Defendants in a real estate development dispute could not introduce evidence of a post-breach crash in the real estate market to prove that the plaintiffs would not have profited from the parties’ contract, Maryland’s highest court has ruled in affirming judgment.
An expert could not testify that a plaintiff would have been “extraordinarily successful” had the defendant not breached the parties’ contract in support of a claim for over $1 billion in “lost profits” damages, the California Supreme Court has ruled.
Anyone who has gone to law school probably has some dim memory of being told that gambling contracts are generally unenforceable on public policy grounds.
But Tuesday a California court decided that a professional poker player just might have enforceable rights under an alleged oral agreement to stake another gambler.
An insurance company that provided foster care liability insurance did not owe a duty of good faith to a foster child who died from neglect, the 10th Circuit has ruled in affirming judgment.
Victorious plaintiffs in a breach of contract case thought they were in line for an award of attorney fees equal to what they owed their lawyer under a 25 percent contingency fee agreement.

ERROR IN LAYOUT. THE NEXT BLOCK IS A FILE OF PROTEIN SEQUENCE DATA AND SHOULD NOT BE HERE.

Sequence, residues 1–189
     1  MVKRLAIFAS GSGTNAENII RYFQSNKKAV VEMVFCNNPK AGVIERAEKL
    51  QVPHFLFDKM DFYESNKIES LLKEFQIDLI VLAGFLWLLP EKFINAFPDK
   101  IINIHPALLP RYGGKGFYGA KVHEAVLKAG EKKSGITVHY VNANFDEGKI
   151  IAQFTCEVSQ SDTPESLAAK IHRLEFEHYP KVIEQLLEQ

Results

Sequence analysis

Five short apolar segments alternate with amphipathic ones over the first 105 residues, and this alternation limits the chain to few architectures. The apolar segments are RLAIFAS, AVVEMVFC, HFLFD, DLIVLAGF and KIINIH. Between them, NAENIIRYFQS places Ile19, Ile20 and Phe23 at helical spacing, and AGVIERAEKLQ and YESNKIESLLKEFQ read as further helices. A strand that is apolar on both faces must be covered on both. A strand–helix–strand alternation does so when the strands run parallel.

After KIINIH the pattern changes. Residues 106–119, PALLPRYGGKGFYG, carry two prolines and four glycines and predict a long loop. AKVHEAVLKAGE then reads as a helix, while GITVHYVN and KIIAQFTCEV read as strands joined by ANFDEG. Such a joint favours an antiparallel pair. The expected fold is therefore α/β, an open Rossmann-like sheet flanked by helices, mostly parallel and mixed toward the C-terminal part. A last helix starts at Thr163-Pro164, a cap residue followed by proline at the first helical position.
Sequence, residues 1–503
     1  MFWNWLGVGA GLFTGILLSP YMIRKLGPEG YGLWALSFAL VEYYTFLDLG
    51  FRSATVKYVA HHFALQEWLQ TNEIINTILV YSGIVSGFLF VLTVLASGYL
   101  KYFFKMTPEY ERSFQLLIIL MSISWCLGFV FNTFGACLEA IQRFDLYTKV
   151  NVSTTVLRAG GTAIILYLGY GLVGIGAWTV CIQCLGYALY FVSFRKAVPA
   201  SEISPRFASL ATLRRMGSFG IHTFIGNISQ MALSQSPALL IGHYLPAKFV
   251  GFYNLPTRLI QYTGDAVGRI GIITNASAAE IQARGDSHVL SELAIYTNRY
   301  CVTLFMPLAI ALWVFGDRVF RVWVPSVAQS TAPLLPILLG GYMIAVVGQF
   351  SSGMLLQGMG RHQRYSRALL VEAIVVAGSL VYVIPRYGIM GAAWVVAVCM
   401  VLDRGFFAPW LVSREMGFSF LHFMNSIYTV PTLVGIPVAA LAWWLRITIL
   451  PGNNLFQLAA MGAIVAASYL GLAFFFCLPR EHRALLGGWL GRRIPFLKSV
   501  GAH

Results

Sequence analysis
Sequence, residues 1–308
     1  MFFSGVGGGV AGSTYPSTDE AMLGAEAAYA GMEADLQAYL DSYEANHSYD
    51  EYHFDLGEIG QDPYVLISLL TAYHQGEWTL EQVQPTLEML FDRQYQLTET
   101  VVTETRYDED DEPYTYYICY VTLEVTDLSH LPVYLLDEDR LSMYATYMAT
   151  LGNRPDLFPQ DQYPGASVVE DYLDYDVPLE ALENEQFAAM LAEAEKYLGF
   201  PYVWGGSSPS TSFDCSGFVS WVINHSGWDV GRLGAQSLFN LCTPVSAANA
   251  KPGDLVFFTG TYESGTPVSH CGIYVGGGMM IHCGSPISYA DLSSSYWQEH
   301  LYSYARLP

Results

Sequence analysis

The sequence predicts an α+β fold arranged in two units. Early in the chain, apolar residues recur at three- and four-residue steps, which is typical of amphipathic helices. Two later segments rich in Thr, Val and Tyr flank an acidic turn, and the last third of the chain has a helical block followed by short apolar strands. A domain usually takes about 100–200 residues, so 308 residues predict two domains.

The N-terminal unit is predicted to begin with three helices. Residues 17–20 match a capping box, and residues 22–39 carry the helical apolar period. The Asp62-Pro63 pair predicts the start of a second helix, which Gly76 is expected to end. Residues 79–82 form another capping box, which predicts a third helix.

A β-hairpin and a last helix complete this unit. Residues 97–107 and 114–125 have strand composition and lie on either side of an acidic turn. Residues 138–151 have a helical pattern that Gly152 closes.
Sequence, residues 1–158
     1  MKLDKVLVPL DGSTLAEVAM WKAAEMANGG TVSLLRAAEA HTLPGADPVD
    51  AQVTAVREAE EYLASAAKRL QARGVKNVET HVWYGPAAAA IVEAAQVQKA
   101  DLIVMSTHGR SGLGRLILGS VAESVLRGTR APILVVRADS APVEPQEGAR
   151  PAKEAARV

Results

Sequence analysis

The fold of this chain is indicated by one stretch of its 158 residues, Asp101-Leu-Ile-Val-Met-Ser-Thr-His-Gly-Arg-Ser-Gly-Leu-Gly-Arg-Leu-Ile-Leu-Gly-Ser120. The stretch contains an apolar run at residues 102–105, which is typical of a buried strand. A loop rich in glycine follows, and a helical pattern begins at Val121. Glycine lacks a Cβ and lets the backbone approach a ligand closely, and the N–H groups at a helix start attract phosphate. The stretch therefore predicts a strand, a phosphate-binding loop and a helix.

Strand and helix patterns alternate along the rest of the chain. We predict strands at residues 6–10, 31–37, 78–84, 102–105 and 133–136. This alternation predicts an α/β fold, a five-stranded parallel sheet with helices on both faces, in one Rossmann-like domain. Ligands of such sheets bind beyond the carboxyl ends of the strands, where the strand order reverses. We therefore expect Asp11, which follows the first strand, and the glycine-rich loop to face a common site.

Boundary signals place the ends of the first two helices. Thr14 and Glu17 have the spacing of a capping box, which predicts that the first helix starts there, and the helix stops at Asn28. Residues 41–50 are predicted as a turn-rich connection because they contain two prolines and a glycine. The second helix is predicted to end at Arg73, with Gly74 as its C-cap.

They were wrong.
A jury has awarded $2 million to a man who developed a unique fuel additive several years ago and claimed his employer improperly phased him out of millions of dollars he was owed in a profit-sharing agreement.
A cigarette company may have made promises in advertising for a rewards program that customers could enforce in a breach of contract suit, the 9th Circuit has ruled in reversing a dismissal.
Parties to a business contract could not enforce an arbitration clause against another party to the agreement who filed for bankruptcy protection in response to being sued for fraud, the 9th Circuit has ruled in affirming judgment.
You always expect some glitches when your office upgrades its computer software, but when customer records go up in smoke, that’s a real nightmare. For one particularly unlucky dental office, the trouble was compounded by a limitation of liability clause in its software contract.
Last week, the Utah Supreme Court had to decide whether state product liability law prevents a software seller from enforcing such a clause.
A suit brought by court reporters against lawyers who protested court reporting fees on behalf of their clients is not barred under the state anti-SLAPP statute, the California Court of Appeal has ruled.